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Court of Criminal Justice, Dublin. Alamy Stock Photo

Former creches director avoids jail for 'roughly handling' child

Anne Davy, 66, a director of Hyde and Seek Creches, was secretly filmed in an RTÉ Investigates probe.

A FORMER DIRECTOR of the Hyde & Seek crèches, secretly filmed “roughly” handling a toddler to get him to sleep, has been spared jail.

Anne Davy, 66, was fined €4,000 today after pleading guilty at Dublin District Court to breaching childcare regulations.

Tusla, the Child & Family Agency, commenced an investigation following the 2019 broadcast of the television documentary Crèches, Behind Closed Doors. The RTÉ Investigates team went undercover to look at standards of care in the family-run preschool, which operates several premises in Dublin.

In 2019, the Minister for Children brought a prosecution with 22 charges, but the covid-19 pandemic delayed the proceedings.

Today, Anne Davy entered guilty pleas to three offences. The prosecution dropped all charges against her daughter and director Siobhan Davy and the Hyde & Seek crèche group company.

Anne Davy admitted to engaging in a practice that was disrespectful at her Tolka Road crèche on May 8, 2019, contrary to section 19.3 of the Child Care Act 1991 (Early Years Services) Regulations 2016.

She also admitted having inadequate space per child ratios at the Shaw Street branch.

The court heard that 46 children were there on 11 September, 2018, and 35 on 19 July, 2019. However, the creche was sanctioned for 32 only.

Tusla manager Julie Nohilly, who was over childcare inspections, agreed with the prosecution that RTÉ Investigates decided to go undercover at the Hyde & Seek Tolka Road branch in April and May 2019.

Judge Anthony Halpin heard that an undercover reporter with childcare qualifications used a hidden camera on her shirt to record.

Davy was filmed as staff tried to settle children to sleep, and she assisted them with an 18-month toddler, referred to in court as Child-A.

It was Nohilly’s opinion of the video evidence that Davy “roughly handles the child in trying to settle him to sleep”.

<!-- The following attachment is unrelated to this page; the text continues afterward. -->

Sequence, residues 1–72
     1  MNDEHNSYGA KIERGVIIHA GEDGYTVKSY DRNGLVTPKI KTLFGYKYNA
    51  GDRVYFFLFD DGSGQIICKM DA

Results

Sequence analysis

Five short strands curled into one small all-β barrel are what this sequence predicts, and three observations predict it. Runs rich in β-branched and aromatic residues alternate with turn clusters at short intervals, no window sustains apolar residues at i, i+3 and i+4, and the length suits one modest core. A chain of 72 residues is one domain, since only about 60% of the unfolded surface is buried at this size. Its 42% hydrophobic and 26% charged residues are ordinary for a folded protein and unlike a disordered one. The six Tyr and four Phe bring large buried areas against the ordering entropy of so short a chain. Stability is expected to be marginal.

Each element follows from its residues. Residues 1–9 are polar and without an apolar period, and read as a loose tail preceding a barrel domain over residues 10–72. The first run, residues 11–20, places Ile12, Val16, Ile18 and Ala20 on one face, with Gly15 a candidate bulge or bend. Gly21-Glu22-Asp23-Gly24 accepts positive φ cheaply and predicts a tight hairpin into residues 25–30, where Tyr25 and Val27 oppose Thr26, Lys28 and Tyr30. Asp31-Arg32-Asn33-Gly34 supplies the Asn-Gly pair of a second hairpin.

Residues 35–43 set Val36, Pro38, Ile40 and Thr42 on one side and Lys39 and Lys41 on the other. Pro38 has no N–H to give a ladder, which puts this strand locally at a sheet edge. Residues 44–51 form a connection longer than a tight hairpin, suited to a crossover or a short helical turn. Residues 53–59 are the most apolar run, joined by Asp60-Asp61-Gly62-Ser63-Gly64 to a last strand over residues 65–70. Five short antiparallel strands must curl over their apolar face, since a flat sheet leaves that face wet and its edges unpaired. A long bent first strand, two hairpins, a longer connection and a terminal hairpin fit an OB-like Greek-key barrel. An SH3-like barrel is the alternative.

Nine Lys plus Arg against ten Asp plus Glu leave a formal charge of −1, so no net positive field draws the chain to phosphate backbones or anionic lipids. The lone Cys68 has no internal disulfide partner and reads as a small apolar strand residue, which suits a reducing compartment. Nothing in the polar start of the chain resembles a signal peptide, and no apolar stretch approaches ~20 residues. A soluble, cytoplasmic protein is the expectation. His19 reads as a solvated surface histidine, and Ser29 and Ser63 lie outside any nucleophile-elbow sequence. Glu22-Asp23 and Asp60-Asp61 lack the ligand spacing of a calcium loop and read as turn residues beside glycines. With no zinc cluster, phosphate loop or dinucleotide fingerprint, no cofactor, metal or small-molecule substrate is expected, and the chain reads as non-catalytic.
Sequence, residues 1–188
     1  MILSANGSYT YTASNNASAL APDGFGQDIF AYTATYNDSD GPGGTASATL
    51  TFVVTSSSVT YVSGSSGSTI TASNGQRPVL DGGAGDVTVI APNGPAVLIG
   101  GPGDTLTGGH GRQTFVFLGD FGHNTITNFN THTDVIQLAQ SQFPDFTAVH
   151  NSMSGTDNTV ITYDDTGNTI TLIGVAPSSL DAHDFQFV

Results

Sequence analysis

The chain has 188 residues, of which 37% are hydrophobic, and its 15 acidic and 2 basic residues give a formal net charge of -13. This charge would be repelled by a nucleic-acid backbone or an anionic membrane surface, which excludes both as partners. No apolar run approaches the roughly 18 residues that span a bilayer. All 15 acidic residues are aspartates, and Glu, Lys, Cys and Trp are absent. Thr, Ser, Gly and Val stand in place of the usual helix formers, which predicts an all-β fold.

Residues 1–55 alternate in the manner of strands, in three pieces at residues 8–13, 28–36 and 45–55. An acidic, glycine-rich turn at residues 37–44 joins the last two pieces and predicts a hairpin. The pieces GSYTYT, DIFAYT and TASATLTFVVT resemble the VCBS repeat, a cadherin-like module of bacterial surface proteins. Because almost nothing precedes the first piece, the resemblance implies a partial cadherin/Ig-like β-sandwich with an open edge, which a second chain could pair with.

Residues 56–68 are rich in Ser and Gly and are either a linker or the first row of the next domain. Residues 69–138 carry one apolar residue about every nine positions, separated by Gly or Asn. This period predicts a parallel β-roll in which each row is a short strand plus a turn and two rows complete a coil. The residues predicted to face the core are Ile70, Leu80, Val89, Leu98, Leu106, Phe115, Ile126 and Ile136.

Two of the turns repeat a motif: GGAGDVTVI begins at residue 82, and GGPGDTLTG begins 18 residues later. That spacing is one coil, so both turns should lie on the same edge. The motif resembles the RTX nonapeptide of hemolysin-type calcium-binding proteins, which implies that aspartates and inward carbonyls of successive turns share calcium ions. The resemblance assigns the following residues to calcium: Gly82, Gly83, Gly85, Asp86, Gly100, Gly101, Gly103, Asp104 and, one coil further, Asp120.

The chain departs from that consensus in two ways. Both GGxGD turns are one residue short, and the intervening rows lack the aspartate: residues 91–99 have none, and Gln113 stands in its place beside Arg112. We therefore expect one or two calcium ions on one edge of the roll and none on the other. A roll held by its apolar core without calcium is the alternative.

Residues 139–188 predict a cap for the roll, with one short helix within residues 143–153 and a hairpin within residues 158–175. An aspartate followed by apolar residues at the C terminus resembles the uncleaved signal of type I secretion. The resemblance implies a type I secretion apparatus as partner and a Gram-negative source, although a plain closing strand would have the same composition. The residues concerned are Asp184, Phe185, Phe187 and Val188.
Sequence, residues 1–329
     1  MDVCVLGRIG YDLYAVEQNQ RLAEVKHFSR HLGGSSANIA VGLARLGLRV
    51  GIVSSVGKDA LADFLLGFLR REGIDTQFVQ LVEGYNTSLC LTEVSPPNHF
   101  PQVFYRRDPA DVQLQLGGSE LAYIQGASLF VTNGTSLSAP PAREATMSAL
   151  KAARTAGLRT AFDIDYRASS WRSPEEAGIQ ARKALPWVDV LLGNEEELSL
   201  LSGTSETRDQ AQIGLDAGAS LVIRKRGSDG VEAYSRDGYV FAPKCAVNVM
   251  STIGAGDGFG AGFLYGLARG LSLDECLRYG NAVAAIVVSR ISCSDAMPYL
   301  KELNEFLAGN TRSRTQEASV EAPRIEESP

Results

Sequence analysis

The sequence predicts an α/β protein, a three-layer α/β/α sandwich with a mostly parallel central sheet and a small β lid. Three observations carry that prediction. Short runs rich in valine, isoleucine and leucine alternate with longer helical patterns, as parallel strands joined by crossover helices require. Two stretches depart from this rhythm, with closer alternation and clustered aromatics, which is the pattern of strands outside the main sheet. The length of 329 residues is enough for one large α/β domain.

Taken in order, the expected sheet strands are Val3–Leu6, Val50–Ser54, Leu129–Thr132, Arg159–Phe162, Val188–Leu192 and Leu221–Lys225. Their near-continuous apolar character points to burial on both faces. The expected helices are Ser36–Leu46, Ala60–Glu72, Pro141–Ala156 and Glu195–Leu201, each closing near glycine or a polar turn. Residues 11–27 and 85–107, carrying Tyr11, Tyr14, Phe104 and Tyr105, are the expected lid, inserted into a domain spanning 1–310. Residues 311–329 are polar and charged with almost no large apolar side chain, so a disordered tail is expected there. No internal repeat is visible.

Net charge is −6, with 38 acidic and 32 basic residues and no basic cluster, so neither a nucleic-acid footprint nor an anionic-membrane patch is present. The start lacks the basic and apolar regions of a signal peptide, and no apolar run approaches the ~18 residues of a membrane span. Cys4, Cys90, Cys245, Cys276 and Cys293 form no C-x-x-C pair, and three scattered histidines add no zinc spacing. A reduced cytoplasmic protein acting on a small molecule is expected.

The court heard the child’s father became “very upset” when shown the footage. Judge Halpin watched the one and a half minute video on a laptop.

The witness said the creche was sanctioned for 32 children to move freely and play.

Cross-examined by defence solicitor Michael Staines, Nohilly agreed that there were undercover reporters at three of the childcare group’s crèches.

They wanted to find anything peculiar or departures from standard practice.

The witness agreed that Davy had agreed to reduce the number of children in the creche over a period of time.

Staines submitted that childcare places are at a premium, and she had decided to do it that way rather than “throw 10 children out on the street”.

The Tulsa manager confirmed that out of the 120 hours of video obtained, the case came down to the one and a half minutes that the judge had seen.

Nohilly agreed with Mr Staines that the “undercover agent” had also tried to get Child-A to sleep but was unable and Davy then became involved.

The witness said the toddler was settling but getting back up again. The solicitor submitted that Davy had calmed the child down.

Staines said that his client was soothing the child, showing no animus, and speaking quietly.

Asked by Judge Halpin to place the incident on a one to ten scale in terms of severity, the Tusla manager said: “nine to 10, for me,” adding, “it is harmful to the welfare of a child”.

The offences carried a possible one-year sentence and, or a maximum €5,000 fine, said Bernard Condon SC, prosecuting.

Davy sat silently throughout the hearing and did not address the court. Her solicitor gave an undertaking on her behalf to never work in frontline childcare again.

Pleading for leniency, Staines said his client had been vilified in the media, on social media and “even a government minister got involved in criticising her”. She was reported to gardai and “suffered a huge amount of abuse from people out on the street”.

The solicitor said it was so bad she moved home and retired from a job she loved.

The court heard she was fined €1200 in 2005 for failing to provide adequate supervision. However, the judge held that it came under the spent convictions legislation, and he treated her as a defendant with no prior convictions.

Judge Halpin remarked that it was saddening if children were harshly dealt with, but he thought the Tusla witness’s severity assessment was harsh. He said that he would have placed it mid-scale at five.

He noted Davy’s guilty plea, the media attention and abuse she received.

Judge Halpin fined her €4000 for the disrespectful handling of the child, and the remaining two charges were taken into consideration.

She must pay the fine within six months.